The key to Deadpool’s success is its sense of humour. Reynolds, Zombieland screenwriters Rhett Reese and Paul Wernick, and director Tim Miller know how familiar audiences are with superhero movie tropes, so they spend the whole movie mocking them, exaggerating them, and dosing them in R-rated excess to make the old tricks feel new. It’s what Deadpool did back in the comic days and it works well on the big screen. There are constant asides to the audience and a mountain of rude n’ crude humour to make it all go down smoothly. Sure, the sense of humour is decidedly adolescent, but it’s Deadpool. That’s the target audience and they’ll get what they want. Beyond all of the filthy funnies, Tim Miller leans into that R-rated freedom with his action scenes. Limbs are severed, blood is sprayed, and entrails fly around the screen. It’s a mixture of hard R Asian action and horror movie splatstick comedy executed on a scale only a superhero blockbuster can receive. The result is a rip-roaring tasteless rollick that adds some nice new flavours to the comic book movie buffet and shows off what R-rated blockbusters could look like in the modern age. God-willing it won’t be the last.
The cast are all rather good, delighting in the film’s irreverent tone. The only exceptions are the villains played by Ed Skrein and a mostly silent Gina Carano. They are essentially generic 80s action movie villains with a few superpowers and feel rather boring. But hey, they get the job done. Despite all of the in-jokes, asides, and R-rated ridiculousness, this is kind of a generic movie. However despite how much fun Baccarin and Miller are on the sidelines or Kapicic and Hildebrand have mocking the X-men universe, the movie belongs to Ryan Reynolds and he doesn’t disappoint. The guy is an underrated actor, a world champion of sarcasm, and blessed with the genetics necessary to be an action figure. If anyone was born to play Deadpool, it’s him. He doesn’t let a one-liner fall flat, gleefully mocks himself, wears buckets of burned skin make-up, and (thanks to a mask) lets some ridiculously talented stunt guys take over to deliver some wild physical Deadpool action pulled straight from comic book panels. If the movie is little more than a giant pilot for a Deadpool franchise, then Reynolds proves that he’s more than capable of carrying it and that he knows the right types of writers and directors necessary to pull it off. Good work sir.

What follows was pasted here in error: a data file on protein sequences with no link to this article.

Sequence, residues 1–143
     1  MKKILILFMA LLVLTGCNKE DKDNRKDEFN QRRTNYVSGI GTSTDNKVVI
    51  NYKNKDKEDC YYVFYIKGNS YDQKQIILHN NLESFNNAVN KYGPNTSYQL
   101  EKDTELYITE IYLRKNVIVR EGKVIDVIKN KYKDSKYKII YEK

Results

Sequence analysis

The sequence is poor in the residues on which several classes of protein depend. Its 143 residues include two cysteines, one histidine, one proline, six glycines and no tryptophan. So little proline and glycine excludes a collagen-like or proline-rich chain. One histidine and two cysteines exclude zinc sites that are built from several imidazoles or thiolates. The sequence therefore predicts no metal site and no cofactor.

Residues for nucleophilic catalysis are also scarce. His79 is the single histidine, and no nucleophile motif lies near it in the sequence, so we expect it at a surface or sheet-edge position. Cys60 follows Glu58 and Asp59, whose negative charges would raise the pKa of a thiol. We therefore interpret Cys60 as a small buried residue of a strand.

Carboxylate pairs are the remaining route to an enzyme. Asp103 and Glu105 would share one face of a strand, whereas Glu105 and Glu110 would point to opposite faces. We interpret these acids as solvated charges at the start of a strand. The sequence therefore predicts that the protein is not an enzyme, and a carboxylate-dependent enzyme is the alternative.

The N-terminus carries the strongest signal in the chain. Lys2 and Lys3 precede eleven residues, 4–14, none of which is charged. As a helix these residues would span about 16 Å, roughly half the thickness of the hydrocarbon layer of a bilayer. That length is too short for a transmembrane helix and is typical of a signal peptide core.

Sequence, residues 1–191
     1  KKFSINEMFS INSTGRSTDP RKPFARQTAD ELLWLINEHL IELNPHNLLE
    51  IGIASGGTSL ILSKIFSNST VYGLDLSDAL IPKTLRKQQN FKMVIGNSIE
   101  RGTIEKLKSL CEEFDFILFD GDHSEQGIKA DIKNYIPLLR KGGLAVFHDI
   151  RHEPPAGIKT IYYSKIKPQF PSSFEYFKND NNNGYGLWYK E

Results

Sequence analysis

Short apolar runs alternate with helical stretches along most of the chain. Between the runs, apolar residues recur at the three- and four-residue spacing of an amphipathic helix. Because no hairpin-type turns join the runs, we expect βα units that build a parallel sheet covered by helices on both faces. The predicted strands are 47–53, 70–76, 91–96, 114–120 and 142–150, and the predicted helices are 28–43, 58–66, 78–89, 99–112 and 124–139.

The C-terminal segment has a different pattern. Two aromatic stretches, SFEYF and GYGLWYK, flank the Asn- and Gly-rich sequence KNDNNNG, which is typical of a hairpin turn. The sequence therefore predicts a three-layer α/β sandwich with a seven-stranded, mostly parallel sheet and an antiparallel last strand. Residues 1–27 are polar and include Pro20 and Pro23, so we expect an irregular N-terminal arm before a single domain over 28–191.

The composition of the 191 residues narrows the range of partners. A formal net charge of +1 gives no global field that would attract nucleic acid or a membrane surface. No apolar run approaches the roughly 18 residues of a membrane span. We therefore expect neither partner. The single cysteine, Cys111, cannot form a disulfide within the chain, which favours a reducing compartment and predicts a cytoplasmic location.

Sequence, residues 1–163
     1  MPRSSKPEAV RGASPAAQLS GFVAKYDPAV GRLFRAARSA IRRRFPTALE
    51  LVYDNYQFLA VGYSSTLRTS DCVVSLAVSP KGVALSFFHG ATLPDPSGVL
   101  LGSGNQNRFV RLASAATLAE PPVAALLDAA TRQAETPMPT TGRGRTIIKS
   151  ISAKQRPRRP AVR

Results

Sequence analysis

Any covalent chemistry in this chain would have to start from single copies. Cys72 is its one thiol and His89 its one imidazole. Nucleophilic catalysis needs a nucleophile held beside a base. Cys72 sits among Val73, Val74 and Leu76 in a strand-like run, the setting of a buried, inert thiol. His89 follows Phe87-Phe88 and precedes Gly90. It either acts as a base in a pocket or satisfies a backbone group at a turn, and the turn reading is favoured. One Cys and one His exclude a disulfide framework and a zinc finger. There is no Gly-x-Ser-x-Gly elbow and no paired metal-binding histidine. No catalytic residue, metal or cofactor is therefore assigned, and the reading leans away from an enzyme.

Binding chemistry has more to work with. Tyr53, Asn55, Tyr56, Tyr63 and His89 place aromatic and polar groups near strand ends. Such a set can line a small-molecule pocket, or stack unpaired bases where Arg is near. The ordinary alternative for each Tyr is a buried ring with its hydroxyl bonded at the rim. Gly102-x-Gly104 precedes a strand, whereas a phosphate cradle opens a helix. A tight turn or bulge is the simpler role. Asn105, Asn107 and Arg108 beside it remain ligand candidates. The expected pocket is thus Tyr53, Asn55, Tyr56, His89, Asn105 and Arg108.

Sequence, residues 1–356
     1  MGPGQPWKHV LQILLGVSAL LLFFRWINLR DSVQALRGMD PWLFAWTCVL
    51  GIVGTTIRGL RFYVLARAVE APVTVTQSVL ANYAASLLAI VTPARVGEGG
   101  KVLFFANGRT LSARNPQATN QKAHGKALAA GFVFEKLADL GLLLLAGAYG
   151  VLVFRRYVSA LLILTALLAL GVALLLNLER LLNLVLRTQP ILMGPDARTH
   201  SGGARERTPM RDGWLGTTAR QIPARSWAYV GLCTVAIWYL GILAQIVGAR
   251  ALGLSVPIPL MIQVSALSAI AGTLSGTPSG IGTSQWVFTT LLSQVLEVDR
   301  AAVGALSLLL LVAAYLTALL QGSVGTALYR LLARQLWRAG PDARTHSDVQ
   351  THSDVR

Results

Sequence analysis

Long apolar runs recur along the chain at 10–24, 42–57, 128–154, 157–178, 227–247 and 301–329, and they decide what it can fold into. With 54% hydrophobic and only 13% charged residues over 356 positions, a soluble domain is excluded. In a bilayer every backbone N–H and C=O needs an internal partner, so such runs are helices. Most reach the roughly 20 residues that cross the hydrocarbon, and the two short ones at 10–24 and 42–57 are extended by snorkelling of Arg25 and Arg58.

Is Deadpool the best comic book movie ever made? Not really. In fact, I’d imagine there will be at least one better superhero movie this year. However, it is one of the best R-rated Hollywood action movies to arrive in forever and that’s cause for celebration. They don’t make em’ like this anymore and they certainly never made superhero movies like this before. That’s something special. Sure, despite the self-conscious cleverness, it’s just a bunch of vulgar humour, ultra-violence, and parodied superhero clichés. But at least these are all new things to the superhero blockbuster genre and Deadpool makes a hell of a case for why this new franchise deserves a spot at the table. Given that the movie clearly didn’t have the same budget as a Disney Marvel blockbuster, it’s amazing what Tim Miller and his team were able to pull off in terms of pure spectacle. Deadpool is big dopey fun for big dopes like me. Its flaws are forgivable given its strengths and most of them should be set straight in the inevitable sequel. For once, it’s actually kind of exciting to think that sequel is coming. Deadpool’s in-joke premise will get tired eventually, but for now it gives Fox’s Marvel division a filthily distinct franchise in the superhero blockbuster landscape. Disney would never allow a Marvel property to be handled this way (just wait until you see Stan Lee’s cameo) and it’s nice to know that the merc with a mouth ended up at a company that will do the filthy fun character right.